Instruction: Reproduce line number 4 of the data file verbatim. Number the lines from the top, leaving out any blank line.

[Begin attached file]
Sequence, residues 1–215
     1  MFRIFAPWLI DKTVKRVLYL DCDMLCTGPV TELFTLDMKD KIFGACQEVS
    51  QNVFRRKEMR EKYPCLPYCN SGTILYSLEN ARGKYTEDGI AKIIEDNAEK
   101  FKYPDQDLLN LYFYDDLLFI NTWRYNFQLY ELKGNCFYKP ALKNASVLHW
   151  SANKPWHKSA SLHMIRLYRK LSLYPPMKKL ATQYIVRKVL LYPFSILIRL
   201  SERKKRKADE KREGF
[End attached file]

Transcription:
   101  FKYPDQDLLN LYFYDDLLFI NTWRYNFQLY ELKGNCFYKP ALKNASVLHW